Court Ruling on E-Discovery Postponed to Aug. 16

The decision will be crucial to whether data housed in RAM is considered e-discoverable in litigation.

A court hearing about whether data residing temporarily in a computers random access memory is considered eligible for e-discovery in litigation, initially scheduled for July 16, was postponed to Aug. 16 due to a scheduling conflict.

Currently, under Rule 34 of the Federal Rules of Civil Procedure, data described as "electronically stored information" can be used in federal lawsuits. The focal point of the case is whether computer-generated log data, kept in RAM temporarily until overwritten or the computer is shut down, is considered "electronically stored information" eligible for e-discovery.

The case, Columbia Pictures Industries v. Justin Bunnell, is pending in the U.S. District Court for the Central District of California (Los Angeles) before Judge Florence-Marie Cooper. The Motion Picture Association of America—which owns no copyrights but offers support to its members—is backing Columbia Pictures with its legal team.

Bunnell is the founder of TorrentSpy, a search engine similar to YouTube.com that indexes and presents videos made available to the public using the BitTorrent file-sharing protocol. BitTorrent, created by entrepreneur Bram Cohen, is an open-source software application that enables fast downloading of large files, such as audio and video.

/zimages/5/28571.gifRead more here about the Motion Picture Association being accused of hacking.

Users of TorrentSpy initially put up only homemade films, copies of television and news shows, and other innocuous videos. In November 2005, Cohen made a deal with the MPAA barring users of BitTorrent from trading unauthorized copies of materials owned by the members of the MPAA, which includes virtually all the major motion picture studios.

But the BitTorrent-MPAA policing on Internet sites—including TorrentSpy—didnt work. When copyrighted movies and other commercial videos began showing up on the site, TorrentSpy was sued in February 2006 by Columbia Pictures for copyright infringement and was accused of contributing to the theft of feature films.

A May 29 ruling by Los Angeles federal magistrate Jacqueline Chooljian against TorrentSpy would require TorrentSpy—and potentially all Internet search engines—to create and store all logs of its users activities as part of electronic discovery obligations in a civil lawsuit.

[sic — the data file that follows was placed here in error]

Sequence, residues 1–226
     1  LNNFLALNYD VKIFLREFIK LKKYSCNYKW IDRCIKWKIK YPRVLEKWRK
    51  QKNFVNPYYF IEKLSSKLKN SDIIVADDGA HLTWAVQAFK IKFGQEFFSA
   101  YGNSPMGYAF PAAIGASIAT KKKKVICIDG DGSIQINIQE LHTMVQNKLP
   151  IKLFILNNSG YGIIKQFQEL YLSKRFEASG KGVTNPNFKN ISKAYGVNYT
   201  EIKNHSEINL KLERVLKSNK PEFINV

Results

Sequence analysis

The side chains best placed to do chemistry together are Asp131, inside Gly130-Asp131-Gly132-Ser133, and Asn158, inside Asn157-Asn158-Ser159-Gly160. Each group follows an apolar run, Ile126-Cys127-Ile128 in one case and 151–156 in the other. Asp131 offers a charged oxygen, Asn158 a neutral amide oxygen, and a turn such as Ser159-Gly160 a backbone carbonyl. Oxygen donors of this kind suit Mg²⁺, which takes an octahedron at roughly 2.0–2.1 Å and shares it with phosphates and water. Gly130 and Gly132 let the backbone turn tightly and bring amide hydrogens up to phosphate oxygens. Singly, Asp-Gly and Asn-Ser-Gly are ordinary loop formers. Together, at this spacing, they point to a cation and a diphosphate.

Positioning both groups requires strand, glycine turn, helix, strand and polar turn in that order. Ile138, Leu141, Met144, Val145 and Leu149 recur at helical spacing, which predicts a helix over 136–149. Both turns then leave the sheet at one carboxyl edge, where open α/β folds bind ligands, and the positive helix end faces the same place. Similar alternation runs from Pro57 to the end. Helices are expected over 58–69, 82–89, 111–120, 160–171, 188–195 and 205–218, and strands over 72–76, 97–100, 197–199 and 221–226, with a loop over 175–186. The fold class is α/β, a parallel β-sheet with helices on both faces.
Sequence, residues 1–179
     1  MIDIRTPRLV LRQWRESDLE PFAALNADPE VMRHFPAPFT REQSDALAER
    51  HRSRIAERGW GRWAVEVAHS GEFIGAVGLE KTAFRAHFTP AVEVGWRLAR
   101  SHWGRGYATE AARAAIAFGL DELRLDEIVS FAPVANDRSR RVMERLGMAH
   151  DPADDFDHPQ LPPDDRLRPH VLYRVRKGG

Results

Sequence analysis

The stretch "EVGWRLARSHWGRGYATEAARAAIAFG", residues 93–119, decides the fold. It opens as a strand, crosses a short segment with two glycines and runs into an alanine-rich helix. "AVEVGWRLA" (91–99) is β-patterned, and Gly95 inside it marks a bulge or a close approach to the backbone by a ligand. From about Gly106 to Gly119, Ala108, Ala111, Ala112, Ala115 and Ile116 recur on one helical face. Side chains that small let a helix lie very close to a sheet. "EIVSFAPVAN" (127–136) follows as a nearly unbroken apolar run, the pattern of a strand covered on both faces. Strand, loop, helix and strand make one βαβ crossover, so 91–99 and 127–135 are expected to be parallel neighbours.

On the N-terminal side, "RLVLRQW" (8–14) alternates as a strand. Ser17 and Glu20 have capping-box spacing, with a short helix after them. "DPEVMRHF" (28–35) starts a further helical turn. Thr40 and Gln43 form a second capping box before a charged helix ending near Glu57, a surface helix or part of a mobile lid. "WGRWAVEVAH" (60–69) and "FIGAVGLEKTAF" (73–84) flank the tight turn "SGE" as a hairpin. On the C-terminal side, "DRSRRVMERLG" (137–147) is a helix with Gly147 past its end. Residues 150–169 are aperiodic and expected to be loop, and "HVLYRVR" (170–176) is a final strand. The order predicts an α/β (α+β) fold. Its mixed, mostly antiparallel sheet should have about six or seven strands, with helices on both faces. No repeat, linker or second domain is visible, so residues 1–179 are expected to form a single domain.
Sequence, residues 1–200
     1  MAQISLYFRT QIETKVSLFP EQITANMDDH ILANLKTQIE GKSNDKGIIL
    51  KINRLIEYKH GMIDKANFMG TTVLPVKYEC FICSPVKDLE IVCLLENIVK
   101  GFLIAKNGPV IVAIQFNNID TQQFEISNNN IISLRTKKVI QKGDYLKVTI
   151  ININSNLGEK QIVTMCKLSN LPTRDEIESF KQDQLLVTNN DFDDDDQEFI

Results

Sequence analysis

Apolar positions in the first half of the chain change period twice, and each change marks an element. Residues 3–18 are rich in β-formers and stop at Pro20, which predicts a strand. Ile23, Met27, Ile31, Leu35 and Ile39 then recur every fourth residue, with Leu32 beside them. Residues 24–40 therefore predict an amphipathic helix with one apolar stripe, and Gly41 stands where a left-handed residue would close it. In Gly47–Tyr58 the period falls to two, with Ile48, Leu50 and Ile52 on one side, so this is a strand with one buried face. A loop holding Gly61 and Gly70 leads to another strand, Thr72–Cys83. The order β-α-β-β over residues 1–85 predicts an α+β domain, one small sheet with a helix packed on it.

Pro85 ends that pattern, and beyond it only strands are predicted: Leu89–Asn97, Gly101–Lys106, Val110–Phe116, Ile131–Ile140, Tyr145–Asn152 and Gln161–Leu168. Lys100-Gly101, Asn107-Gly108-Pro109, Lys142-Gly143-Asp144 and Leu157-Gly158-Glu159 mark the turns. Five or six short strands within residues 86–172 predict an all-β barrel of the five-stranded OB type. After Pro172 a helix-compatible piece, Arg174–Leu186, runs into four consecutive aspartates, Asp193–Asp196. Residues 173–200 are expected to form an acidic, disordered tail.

TorrentSpy said in court documents that it has never logged its visitors IP (Internet protocol) addresses, because the practice is contrary to its own privacy policy. Nonetheless, Chooljian ordered TorrentSpy to activate logging and turn the logged data over to Columbia upon its request.

On June 8, Chooljian put aside her ruling to allow TorrentSpy to present its appeal, which now will be heard Aug. 16.

Sources close to the case told eWEEK that Judge Cooper may have decided she needed some extra time to make a fair ruling. The official line from the court clerk was that a scheduling conflict caused the postponement.

"That [needing extra time] is certainly on the list of things that could happen to a judges schedule," Tom Moore, a Palo Alto, Calif.-based attorney who is contributing to the defendants case, told eWEEK.

"Judges do that all the time. Other kinds of things can happen to postpone a case, though. Another trial may have run long, or a jury may have deliberated longer than expected, or maybe shes in the midst of changing law clerks."

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Chris Preimesberger

Chris J. Preimesberger

Chris J. Preimesberger is Editor of Features & Analysis at eWEEK, responsible in large part for the publication's coverage areas. In his 12 years and more than 3,900 stories at eWEEK, he...